Little & Often Innovation

As was mentioned in my previous post, I recently made a presentation at the SSAT’s Future Schools conference on Embedding Learning Technology.
My chosen focus was on the reasons why I think that small-scale, teacher-led, bottom-up innovation is ultimately more effective and viable than large-scale, centrally led, top-down innovation.
After a bit of politics / strategy / theory I started talking about some of the examples from my school;
  • Asus eeePCs – starting with 1 at a cost of £200 we’ve ended up with 3 class sets for Science at the cost of 1 ICT suite, with no need to sacrifice a room.
  • PDAs – at £50 a throw, they may be a brilliant way of getting students reading, especially once they know how to turn a blog or webpage into an ebook in seconds at feedbooks.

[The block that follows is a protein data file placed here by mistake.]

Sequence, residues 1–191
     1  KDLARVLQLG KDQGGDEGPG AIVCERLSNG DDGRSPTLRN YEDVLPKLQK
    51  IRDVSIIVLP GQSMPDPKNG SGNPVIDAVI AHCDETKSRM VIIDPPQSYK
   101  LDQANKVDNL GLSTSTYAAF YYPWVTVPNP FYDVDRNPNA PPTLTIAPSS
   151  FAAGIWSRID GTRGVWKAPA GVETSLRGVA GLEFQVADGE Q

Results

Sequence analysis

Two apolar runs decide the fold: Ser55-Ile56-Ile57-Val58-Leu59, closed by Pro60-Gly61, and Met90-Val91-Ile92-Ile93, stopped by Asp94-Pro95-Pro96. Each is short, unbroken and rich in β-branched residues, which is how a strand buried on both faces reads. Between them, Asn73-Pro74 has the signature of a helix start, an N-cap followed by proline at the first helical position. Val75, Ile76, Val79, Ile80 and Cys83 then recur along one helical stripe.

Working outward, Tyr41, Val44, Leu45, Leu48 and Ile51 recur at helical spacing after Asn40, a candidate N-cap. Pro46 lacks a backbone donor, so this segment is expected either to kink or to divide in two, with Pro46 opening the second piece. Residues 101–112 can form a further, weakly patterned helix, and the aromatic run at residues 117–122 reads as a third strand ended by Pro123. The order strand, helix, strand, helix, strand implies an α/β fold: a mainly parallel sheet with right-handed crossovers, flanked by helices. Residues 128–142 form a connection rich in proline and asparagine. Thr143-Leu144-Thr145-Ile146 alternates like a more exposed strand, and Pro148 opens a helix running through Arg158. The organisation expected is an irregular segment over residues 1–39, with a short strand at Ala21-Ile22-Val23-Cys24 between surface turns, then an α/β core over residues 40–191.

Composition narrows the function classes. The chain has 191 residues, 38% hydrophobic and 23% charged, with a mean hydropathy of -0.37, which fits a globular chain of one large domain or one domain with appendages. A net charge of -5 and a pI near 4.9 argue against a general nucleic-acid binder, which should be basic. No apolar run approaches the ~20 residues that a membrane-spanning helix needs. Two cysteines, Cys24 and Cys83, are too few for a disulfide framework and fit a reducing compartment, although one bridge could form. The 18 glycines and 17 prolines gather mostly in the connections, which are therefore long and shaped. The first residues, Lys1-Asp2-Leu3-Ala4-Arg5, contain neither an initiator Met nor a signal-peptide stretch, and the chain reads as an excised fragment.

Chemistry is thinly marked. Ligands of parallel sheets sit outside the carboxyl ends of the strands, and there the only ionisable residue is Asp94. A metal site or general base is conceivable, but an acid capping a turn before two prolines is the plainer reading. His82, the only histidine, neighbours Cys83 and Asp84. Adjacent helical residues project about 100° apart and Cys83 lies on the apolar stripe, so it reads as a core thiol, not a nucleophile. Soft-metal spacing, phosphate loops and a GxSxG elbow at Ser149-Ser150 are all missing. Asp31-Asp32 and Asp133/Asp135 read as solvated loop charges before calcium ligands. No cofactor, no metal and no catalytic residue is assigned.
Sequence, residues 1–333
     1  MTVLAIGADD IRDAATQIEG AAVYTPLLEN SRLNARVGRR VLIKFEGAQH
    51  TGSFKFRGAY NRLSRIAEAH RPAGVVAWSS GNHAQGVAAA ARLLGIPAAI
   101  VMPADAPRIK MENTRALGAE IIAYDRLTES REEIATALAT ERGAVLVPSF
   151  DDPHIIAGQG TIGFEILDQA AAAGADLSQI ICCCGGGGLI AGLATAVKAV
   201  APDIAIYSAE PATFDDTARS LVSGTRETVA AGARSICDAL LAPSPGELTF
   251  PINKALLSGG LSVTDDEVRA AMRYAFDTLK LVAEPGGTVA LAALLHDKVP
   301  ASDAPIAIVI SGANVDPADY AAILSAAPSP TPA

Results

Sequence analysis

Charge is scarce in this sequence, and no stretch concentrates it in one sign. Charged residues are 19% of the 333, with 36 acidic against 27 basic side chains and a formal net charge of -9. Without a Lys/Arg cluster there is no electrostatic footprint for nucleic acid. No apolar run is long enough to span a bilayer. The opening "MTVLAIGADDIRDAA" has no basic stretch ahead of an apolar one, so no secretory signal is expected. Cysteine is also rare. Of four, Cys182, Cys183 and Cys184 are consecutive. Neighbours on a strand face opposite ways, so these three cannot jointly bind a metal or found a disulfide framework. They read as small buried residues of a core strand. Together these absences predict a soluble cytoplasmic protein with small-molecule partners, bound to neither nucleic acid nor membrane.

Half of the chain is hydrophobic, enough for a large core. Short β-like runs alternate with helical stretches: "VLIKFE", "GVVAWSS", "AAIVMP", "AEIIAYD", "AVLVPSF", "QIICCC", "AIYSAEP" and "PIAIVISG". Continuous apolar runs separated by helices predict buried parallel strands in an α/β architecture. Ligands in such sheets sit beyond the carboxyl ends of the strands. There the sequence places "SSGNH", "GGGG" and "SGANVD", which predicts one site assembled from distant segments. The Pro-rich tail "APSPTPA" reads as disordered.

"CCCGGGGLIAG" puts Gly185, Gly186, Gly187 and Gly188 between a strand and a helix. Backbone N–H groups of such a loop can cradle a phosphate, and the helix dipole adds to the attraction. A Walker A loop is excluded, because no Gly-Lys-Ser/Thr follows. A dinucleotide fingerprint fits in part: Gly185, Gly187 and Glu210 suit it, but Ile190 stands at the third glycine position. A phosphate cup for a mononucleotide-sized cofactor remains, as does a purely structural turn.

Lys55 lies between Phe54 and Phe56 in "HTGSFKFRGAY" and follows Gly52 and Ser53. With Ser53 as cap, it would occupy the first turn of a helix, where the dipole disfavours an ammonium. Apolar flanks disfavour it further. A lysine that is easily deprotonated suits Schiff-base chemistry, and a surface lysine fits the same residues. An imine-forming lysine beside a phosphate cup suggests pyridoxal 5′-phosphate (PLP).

• VLE – while I don’t like the way VLEs have been forced out to schools because a central policy, the VLEs that have started from a teaching and learning requirement and been pushed on by staff have been much more successful.
  • Wouldn’t It Be Great – a project from Summer 2009 in which students planned using Etherpad and presented using Animoto, Glogster, Mahara, Prezi or a local video editor such as iLife or Windows Movie Maker.
  • Homework – 3 ideas for setting homework tasks using computers; Wallwisher, Voicethread and Google Docs.

If you want to see practical examples of the above tools, there are loads of links at my Delicious account.

View more presentations from mw.clarkson.

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